Northern Ireland news

Round-table Stormont talks set to begin on Monday

Karen Bradley said the delicate nature of the negotiations could prevent her from revealing any details next week. Picture by Hugh Russell

THE British and Irish governments hope to hold round-table talks involving Stormont's five main parties when the latest round of negotiations resume again on Monday.

SDLP leader Colum Eastwood last night called for an end to what he termed the "secret phase of talks" and repeated a demand that the DUP and Sinn Féin state what progress has been made since efforts to restore devolution commenced last March.

The two governments hope the round-table discussions will bring a new dynamic to a thus far low-key process.

One source told The Irish News that Monday would "provide a clearer picture of where exactly we're at".

The planned plenary will convene 48 hours before Secretary of State Karen Bradley had been scheduled to update MPs on any progress.

Mrs Bradley last month refused to earmark a date for the talks' conclusion and described Wednesday February 7 as a "milestone" rather than a deadline.

Earlier this week, however, she resisted calls to commit to make a formal statement at Westminster on Wednesday.

The secretary of state apologised to the Northern Ireland Affairs Committee, claiming there appeared to be a “misunderstanding” that she was going to make a definitive statement on the negotiations.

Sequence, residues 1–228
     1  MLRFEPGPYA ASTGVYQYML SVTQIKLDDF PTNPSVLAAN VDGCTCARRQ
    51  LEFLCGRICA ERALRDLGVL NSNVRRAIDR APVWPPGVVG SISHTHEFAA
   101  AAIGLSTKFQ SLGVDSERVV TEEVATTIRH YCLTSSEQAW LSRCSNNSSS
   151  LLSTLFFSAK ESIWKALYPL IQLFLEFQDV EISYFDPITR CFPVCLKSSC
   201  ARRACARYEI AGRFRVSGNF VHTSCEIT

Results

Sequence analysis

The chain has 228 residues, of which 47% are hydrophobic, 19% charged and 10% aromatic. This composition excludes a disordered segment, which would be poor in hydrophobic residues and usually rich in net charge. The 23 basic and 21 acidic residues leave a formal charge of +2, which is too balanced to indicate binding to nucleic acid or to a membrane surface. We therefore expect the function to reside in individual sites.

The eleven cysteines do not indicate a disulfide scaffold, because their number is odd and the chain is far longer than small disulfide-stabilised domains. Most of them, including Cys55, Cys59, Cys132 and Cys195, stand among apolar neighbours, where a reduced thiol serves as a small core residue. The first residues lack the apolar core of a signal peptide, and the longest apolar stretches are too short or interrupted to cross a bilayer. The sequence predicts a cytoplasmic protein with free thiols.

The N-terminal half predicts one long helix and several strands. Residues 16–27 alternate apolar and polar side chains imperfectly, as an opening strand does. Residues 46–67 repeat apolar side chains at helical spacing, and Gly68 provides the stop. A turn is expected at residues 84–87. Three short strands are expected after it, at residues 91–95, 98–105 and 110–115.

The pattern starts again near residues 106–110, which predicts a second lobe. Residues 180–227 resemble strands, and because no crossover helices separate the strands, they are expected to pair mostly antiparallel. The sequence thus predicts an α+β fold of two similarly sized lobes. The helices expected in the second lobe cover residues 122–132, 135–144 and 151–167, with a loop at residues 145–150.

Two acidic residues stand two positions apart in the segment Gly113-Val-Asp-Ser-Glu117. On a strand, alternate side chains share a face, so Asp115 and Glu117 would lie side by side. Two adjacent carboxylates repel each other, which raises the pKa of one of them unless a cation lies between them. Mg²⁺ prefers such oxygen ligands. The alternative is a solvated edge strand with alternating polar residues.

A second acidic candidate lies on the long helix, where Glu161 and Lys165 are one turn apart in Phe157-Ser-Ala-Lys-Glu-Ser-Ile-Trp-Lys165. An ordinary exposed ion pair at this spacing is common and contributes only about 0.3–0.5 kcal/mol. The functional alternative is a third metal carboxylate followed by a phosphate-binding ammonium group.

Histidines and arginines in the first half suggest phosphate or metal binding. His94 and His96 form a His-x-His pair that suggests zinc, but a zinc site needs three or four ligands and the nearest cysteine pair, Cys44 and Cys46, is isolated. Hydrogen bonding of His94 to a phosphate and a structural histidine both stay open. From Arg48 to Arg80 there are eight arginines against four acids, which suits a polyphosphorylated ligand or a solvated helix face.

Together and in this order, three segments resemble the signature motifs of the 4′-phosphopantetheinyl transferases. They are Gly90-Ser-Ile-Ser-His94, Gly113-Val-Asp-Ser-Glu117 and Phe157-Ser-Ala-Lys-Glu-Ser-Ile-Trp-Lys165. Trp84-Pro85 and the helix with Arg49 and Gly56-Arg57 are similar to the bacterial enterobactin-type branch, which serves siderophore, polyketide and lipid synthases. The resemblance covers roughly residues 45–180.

Mrs Bradley said she would be responding to MPs' questions but cautioned that the delicate nature of the negotiations could prevent her from revealing any details.

Tánaiste Simon Coveney, who was at the talks in Belfast yesterday, will return on Monday as the planned round-table discussions begin.

But ahead of an expected intensification of negotiations, the SDLP leader warned that his party "won't prop up a charade".

Mr Eastwood said the public deserved to know where the DUP and Sinn Féin had compromised, claiming to date the talks had not been inclusive.

"They deserve to know why they have been left without a government, without power and without any delivery of change," he said.

"The public also need to know that while they were told that there was to be a new process of inclusive talks, there has been no inclusive talks process."

Earlier this week, Mrs Bradley held separate meetings with campaigners for same-sex marriage and an Irish language act. She also met the chief executive of the Ulster Scots Agency.

The deadlock in the negotiations between the DUP and Sinn Féin is understood to centre on calls for standalone Irish language act and equal marriage, as well as legacy issues.

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